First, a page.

The Turkish Journal of Pediatrics 2021 , Vol 63 , Num 4
Developmental evaluation in children experiencing febrile convulsions
Rojan İpek 1 ,Khatuna Makharoblidze 1 ,Burçin Gönüllü Polat 1 ,Meltem Çobanoğulları Direk 1 ,Didem Derici Yıldırım 2 ,Mustafa Kömür 1 ,Çetin Okuyaz 1
1 Departments of Pediatric Neurology, Mersin University Faculty of Medicine, Mersin, Turkey
2 Departments of Biostatistics, Mersin University Faculty of Medicine, Mersin, Turkey
DOI : 10.24953/turkjped.2021.04.007 Background. The objective of this study was to determine the effect of febrile convulsion (FC) on neuromotor development.

Methods. Data of 325 patients, who were followed up at our outpatient clinic and diagnosed with FC between January 2012 and December 2018, were retrospectively evaluated. Of these patients, 203 underwent the Denver Developmental Screening Test II (DDST II) and were included in the study as the patient group and 100 healthy children as the control group.

Results. Of the study group, 84 (41.4%) were girls and 119 (58.6%) were boys (B/G: 1.4). Of all patients, 163 (80.3%) were diagnosed with simple FC, 22 (10.8%) with complicated FC, and 18 (8.9%) with FC+. There was no significant relationship found between FC subtypes and gender, family history of FC, family history of epilepsy, iron (Fe) deficiency, and Fe deficiency anemia. DDST II subtest points were significantly lower in all developmental areas in the patient group when compared to the controls (p<0.001), while suspected and abnormal test results were higher in all developmental areas in the patient group compared to the controls (p=0.01). It was also determined that the language points were lower as the age of first seizure increased (r=- 0.319, p<0.01).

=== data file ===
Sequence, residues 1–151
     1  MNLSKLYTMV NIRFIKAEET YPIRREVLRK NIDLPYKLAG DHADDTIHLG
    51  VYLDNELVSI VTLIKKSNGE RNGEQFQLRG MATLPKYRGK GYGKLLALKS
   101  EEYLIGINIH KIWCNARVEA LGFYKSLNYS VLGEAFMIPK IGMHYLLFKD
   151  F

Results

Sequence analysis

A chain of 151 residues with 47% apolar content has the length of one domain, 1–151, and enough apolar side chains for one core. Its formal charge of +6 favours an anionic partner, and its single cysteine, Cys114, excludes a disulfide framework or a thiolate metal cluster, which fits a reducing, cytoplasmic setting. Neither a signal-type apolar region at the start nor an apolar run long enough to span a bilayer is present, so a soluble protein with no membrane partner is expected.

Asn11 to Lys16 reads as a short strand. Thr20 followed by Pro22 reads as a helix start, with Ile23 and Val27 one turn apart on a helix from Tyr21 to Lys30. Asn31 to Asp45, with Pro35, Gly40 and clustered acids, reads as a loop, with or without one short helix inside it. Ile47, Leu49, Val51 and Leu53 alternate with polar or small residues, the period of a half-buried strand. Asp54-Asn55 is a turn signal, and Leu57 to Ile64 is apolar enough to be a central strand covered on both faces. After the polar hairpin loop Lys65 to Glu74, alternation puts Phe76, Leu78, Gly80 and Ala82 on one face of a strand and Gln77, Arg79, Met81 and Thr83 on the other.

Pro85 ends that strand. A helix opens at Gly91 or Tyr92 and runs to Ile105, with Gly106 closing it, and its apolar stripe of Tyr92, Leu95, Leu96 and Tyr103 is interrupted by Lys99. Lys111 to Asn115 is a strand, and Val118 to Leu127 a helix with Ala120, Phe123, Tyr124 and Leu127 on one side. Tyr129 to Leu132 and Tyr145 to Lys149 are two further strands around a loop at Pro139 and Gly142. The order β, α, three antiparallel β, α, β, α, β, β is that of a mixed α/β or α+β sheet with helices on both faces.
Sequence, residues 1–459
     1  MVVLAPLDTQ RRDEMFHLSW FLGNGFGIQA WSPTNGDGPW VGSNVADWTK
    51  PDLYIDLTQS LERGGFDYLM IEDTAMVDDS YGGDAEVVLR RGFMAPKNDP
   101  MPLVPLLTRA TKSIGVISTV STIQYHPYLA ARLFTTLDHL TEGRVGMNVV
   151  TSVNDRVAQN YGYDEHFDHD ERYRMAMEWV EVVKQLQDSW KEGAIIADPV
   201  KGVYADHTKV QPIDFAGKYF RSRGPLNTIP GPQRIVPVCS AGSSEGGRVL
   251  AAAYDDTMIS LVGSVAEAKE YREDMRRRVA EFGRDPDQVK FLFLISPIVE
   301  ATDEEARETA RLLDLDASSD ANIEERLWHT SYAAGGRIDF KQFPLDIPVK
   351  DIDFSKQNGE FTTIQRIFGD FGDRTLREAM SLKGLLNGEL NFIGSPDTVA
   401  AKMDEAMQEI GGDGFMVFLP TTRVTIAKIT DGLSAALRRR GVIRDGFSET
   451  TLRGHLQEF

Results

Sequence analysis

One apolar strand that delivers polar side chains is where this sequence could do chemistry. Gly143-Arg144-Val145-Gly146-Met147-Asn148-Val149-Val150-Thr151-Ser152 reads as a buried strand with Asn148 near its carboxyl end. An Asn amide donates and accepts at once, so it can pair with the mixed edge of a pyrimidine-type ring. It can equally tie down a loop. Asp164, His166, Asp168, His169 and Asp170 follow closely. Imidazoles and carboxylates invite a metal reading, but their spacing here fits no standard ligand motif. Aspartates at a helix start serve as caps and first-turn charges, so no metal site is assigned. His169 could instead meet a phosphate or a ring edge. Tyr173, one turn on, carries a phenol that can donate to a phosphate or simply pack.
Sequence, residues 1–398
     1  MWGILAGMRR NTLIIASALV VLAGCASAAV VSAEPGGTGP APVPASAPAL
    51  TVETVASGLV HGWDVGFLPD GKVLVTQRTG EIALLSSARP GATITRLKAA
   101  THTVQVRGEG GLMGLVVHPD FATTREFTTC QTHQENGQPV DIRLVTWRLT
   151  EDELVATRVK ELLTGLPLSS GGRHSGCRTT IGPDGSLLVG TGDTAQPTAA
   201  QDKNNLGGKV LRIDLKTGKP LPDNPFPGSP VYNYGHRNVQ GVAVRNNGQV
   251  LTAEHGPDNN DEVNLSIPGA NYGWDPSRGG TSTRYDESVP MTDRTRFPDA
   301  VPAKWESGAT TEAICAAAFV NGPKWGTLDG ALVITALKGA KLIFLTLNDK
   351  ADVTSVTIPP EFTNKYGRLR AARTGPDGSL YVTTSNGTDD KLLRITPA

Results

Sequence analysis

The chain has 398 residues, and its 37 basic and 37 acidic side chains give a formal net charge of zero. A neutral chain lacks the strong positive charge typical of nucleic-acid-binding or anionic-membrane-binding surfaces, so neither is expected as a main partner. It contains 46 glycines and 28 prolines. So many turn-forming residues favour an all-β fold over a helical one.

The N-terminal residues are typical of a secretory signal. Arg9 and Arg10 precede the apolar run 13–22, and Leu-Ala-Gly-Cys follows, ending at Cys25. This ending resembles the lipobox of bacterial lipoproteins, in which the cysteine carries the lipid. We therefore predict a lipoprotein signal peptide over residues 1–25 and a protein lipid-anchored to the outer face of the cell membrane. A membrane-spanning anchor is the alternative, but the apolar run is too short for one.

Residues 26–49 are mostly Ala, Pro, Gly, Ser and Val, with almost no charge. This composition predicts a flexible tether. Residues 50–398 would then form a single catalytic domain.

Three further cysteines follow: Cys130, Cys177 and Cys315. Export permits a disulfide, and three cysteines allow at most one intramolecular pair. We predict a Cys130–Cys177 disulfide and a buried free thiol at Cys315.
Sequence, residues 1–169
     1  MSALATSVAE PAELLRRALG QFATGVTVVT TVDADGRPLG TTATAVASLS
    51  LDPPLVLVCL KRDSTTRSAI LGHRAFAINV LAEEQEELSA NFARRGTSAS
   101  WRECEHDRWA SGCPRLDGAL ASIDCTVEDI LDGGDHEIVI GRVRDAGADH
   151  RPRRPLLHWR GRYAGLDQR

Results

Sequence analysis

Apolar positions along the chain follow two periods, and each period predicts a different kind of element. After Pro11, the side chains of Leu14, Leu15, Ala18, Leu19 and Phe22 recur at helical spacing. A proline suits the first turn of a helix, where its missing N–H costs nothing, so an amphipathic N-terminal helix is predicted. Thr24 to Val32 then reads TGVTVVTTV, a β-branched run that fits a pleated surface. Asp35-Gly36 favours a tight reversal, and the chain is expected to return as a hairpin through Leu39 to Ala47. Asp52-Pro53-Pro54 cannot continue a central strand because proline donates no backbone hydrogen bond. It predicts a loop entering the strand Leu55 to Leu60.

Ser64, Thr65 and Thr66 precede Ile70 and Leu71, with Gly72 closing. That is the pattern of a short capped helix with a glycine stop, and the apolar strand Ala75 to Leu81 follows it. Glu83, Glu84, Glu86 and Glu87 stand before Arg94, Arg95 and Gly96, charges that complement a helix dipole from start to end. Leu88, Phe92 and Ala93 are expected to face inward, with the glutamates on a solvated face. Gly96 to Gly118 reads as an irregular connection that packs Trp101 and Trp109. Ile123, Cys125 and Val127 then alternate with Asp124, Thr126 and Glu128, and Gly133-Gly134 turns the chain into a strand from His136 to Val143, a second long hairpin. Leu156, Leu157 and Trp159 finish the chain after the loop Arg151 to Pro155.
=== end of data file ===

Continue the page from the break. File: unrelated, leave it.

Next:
Conclusions. Although FC is known to usually having a good prognosis, the low DDST II test results measured in this study indicated that the FC may pose a developmental risk and patients with FC should be followed up in terms of developmental features. Because of the retrospective nature of the study, there was no `preconvulsion` developmental evaluation. This is a major limitation of our study. Keywords : DDST II, febrile convulsion, neuromotor development, prognosis

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